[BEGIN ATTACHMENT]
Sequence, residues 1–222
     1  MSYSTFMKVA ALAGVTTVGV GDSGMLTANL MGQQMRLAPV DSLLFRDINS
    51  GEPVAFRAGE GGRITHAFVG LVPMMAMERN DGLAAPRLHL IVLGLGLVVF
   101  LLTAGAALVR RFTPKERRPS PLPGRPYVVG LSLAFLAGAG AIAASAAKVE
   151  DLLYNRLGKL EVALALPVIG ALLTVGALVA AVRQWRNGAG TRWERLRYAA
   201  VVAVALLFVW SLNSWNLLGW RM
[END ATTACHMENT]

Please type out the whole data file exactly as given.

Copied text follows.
Sequence, residues 1–222
     1  MSYSTFMKVA ALAGVTTVGV GDSGMLTANL MGQQMRLAPV DSLLFRDINS
    51  GEPVAFRAGE GGRITHAFVG LVPMMAMERN DGLAAPRLHL IVLGLGLVVF
   101  LLTAGAALVR RFTPKERRPS PLPGRPYVVG LSLAFLAGAG AIAASAAKVE
   151  DLLYNRLGKL EVALALPVIG ALLTVGALVA AVRQWRNGAG TRWERLRYAA
   201  VVAVALLFVW SLNSWNLLGW RM